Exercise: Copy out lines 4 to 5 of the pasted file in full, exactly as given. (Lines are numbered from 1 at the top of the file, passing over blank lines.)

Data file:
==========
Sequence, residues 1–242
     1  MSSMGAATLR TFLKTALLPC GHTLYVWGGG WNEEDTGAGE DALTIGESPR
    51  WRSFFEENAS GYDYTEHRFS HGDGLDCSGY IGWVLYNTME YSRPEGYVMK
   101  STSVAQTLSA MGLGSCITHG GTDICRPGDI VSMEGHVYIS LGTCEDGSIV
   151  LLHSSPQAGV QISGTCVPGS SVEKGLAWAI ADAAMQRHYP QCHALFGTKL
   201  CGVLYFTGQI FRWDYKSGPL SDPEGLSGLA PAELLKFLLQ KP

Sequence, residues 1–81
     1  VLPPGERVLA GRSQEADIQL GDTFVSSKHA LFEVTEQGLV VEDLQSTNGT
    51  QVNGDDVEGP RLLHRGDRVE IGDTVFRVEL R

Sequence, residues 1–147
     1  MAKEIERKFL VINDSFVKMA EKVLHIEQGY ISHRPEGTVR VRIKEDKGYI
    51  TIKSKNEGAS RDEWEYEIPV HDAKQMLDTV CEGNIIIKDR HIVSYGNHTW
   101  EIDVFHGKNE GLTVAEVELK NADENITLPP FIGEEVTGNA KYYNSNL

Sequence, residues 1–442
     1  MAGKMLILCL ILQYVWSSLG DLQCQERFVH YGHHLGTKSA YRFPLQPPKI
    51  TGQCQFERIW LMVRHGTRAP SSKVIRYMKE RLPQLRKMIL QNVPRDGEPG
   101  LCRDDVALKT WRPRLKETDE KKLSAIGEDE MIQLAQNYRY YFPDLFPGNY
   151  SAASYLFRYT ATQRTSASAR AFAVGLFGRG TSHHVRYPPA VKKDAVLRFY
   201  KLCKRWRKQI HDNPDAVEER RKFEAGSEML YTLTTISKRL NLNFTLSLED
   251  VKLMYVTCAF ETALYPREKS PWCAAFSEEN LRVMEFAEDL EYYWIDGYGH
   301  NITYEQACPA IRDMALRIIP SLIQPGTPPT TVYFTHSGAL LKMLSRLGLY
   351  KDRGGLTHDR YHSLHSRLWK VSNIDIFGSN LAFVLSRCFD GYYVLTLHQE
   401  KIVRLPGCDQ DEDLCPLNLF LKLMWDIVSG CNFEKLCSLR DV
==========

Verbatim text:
   101  STSVAQTLSA MGLGSCITHG GTDICRPGDI VSMEGHVYIS LGTCEDGSIV
   151  LLHSSPQAGV QISGTCVPGS SVEKGLAWAI ADAAMQRHYP QCHALFGTKL